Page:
Monday, January 4, 2021

Cyberinfrastructure Vulnerabilities 2020 Annual Report

The Cyberinfrastructure Vulnerabilities team provides concise announcements on critical vulnerabilities that affect science cyberinfrastructure (CI) of research and education centers, including those threats which may impact scientific instruments. This service is freely available to all by subscribing to Trusted CI’s mailing lists (see below).

We monitor a number of sources for software vulnerabilities of interest, then determine which ones are of the most critical interest to the community. While it’s easy to identify issues that have piqued the public news cycle, we strive to alert on issues that affect the CI community in particular. These are identified using the following criteria: the affected technology’s or software’s pervasiveness in the CI community; the technology’s or software’s importance to the CI community; type and severity of potential threat, e.g., remote code execution; the threat’s ability to be remotely triggered; the threat’s ability to affect critical core functions; and if mitigation is available. For those issues which warrant alerts to the Trusted CI mailing lists, we also provide guidance on how operators and developers can reduce risks and mitigate threats. We coordinate with XSEDE, Open Science Grid (OSG), the NSF supercomputing centers, and the ResearchSOC on drafting and distributing alerts to minimize duplication of effort and maximize benefit from community expertise. Some of the sources we monitor for possible threats to CI include:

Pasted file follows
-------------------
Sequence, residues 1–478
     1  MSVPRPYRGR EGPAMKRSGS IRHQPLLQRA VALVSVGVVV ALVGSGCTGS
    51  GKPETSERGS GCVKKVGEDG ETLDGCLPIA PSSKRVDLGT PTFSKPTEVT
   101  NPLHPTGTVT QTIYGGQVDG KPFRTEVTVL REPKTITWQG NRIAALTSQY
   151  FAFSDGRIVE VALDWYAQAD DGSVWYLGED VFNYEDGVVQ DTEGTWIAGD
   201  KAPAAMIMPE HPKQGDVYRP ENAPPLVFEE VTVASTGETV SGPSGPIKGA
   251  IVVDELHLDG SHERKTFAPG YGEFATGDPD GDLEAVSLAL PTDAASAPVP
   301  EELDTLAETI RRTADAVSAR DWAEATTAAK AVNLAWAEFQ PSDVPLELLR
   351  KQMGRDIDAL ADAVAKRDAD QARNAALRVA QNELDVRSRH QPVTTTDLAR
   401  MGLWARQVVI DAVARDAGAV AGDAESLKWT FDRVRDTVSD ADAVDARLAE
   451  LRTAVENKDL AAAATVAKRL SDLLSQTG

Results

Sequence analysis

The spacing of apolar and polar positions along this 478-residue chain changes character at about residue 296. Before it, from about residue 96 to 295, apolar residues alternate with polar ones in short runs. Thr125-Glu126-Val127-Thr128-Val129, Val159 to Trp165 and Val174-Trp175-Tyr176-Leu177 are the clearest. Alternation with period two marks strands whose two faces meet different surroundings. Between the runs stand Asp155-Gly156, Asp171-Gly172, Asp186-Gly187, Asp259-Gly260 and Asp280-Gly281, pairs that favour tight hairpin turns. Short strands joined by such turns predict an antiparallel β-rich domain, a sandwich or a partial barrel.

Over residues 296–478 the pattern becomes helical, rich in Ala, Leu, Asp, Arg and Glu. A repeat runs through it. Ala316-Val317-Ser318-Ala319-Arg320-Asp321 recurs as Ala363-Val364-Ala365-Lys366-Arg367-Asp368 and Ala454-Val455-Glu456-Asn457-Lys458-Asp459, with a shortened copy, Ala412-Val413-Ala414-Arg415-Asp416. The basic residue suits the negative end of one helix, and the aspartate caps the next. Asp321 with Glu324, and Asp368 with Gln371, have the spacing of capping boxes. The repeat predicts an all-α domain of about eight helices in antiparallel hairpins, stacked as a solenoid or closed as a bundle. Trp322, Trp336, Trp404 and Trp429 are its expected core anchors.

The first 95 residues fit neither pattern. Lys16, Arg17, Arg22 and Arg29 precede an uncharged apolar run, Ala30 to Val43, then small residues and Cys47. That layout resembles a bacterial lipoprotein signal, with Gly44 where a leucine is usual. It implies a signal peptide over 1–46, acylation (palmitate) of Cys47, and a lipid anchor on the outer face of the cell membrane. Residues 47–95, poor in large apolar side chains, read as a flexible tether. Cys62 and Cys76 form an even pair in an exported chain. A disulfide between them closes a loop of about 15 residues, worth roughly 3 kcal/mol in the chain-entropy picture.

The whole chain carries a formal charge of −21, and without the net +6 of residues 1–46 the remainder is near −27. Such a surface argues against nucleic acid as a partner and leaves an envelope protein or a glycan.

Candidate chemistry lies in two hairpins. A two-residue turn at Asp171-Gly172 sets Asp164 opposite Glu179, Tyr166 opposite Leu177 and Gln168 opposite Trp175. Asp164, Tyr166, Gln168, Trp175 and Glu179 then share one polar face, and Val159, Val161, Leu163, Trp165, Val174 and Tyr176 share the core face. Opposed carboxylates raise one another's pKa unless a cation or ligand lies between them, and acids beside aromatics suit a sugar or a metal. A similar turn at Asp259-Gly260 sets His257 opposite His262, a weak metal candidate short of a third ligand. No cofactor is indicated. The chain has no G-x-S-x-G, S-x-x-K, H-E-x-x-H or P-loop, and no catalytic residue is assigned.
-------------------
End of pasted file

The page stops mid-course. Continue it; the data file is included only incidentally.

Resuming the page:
OpenSSL and OpenSSH

US-CERT advisories

XSEDE announcements

RHEL/EPEL advisories

REN-ISAC Alerts and Advisories

Social media, such as Twitter, and Reddit (/r/netsec and /r/security)

News sources, such as The Hacker News, Threatpost, The Register, Naked Security, Slashdot, Krebs, SANS Internet Storm Center and Schneier

In 2020 the Cyberinfrastructure Vulnerabilities team discussed 50 vulnerabilities and issued 22 alerts to 158 subscribers.  Additionally, the team solicited the community with a survey to gauge the team’s impact; 87% of the respondents said that the alerts were relevant to their science mission, would recommend the services to peers, and all participants thought the alerts were concise.

If you wish to subscribe to the Cyberinfrastructure Vulnerability Alerts mailing list you may do so through This mailing list is public and the archives are available at

If you believe you have information on a cyberinfrastructure vulnerability, let us know by sending us an email at